Persisted Queries

GraphQL::Pro::Repository brings persisted queries to Ruby! In this approach, GraphQL queries are written to .graphql files and stored on the server. Then, clients may execute those predefined queries by name (using operationName).

This provides several benefits:

To make a repository, define one with a schema and a path:

# app/graphql/web_repository.rb
WebRepository = GraphQL::Pro::Repository.define do
  schema MySchema
  path Rails.root.join("app/graphql/documents/")

Then, you can execute queries by name with Repository#execute:

result = WebRepository.execute(
  operation_name: params[:operationName]
  variables: ensure_hash(params[:variables])
  context: {
    user: current_user
render json: result

Notice that no query string is provided, only an operation_name:. If the named operation is not in the repository, the client will receive an error.

Read on for more details about GraphQL::Pro::Repository:

Client Usage

To execute an operation by name, send the operation name and query variables. For example, with jQuery:

var payload = {
  operationName: "GetCards",
  variables: {
    listId: listId,

$.post("/graphql", payload, responseHander)

Then, the server will use params[:operationName] to find an operation and execute it with params[:variables].

Arbitrary Input

Sometimes, you want to use static queries or incoming query strings, for example:

For these cases, you can set the the arbitrary_input setting:

MyRepository = GraphQL::Pro::Repository.define do
  # ...
  # Execute a provided query string if there is one:
  arbitrary_input :execute

This setting has three values:

You can also specify arbitrary_input on a query-by-query basis:

# Allow staff users to execute any query:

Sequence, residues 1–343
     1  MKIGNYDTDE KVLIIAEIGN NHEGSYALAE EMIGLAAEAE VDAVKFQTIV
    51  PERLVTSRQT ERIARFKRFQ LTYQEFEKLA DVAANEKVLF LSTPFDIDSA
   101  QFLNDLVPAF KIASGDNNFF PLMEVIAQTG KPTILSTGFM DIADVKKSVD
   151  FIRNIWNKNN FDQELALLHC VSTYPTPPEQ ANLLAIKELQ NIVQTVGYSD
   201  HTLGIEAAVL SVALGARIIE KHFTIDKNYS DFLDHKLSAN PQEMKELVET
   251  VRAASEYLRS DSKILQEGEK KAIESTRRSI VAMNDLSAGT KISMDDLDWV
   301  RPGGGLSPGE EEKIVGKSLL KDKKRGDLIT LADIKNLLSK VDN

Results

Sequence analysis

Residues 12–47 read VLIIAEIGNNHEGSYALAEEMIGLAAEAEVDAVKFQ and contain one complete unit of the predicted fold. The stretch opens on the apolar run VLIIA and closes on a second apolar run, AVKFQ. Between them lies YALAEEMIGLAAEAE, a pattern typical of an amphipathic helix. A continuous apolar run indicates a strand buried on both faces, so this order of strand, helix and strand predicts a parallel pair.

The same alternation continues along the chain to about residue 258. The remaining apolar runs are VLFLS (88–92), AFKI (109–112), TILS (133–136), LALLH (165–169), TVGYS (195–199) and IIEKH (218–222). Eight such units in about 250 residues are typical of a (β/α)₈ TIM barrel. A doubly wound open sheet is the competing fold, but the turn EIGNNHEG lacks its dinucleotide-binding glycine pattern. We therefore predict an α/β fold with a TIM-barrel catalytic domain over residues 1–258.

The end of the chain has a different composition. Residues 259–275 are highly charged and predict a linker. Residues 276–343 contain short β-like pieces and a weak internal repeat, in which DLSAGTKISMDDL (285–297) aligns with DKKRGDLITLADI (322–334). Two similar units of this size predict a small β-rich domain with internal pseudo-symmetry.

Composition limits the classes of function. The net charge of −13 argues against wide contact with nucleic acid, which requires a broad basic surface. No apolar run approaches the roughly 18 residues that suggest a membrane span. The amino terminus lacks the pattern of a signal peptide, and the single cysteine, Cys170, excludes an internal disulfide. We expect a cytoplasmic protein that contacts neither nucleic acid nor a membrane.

arbitrary_input = current_user.staff? ? :execute : :ignore
MyRepository.execute(query_str, operation_name: operation_name, arbitrary_input: arbitrary_input)


# Support legacy clients:
arbitrary_input = legacy_client?(request.user_agent) ? :execute : :ignore
MyRepository.execute(query_str, operation_name: operation_name, arbitrary_input: arbitrary_input)

Of course, another option is to choose an execution platform at runtime:

if legacy_client?(request.user_agent)


The easiest way to build a repository is from a set of files specified by path:

AndroidRepository = GraphQL::Pro::Repository.define do
  schema MySchema
  path Rails.root.join("app/graphql/documents/android")

But you can also load GraphQL from a plain string:

IOsRepository = GraphQL::Pro::Repository.define do
  schema MySchema
  # Load GraphQL from some other place:
  string RemoteStorage.read_all

But take care: initializing a repository is costly. During initialization, the source document is parsed, validated and partitioned by operation. For this reason, building repositories at runtime is not recommended.

Watching Files

On Rails, repository paths are automatically watched using Rails’ built-in reloading features. When a file in the path is edited, added, or removed, the repository reloads its documents.

WebRepository = GraphQL::Pro::Repository.define do
  # `.graphql` files in app/graphql/documents will be watched for changes:
  path Rails.root.join("app/graphql/documents")

To manually reload a repository from its path, call Repository#reload, for example:

WebRepository = GraphQL::Pro::Repository.define { ... }
# Reload the repository from .graphql files in its path:


Static queries are great for tooling and analysis.

To find fields which are present in a schema but not used in a repository, call Repository#unused_fields. It returns a hash of type => [field, field, ... ] pairs containing unused field definitions. For example:

# {
#   #<GraphQL::ObjectType name="Card"> => [
#     #<GraphQL::Field name="rarity">,
#     #<GraphQL::Field name="cost">,
#   ]
# }

Before removing a field, consider whether any outstanding clients may depend on this field another way, either by sending arbitrary inputs or by consuming a different repository.

Stay tuned! A future graphql-ruby release will include query diffing which can be used to detect breaking changes in repositories.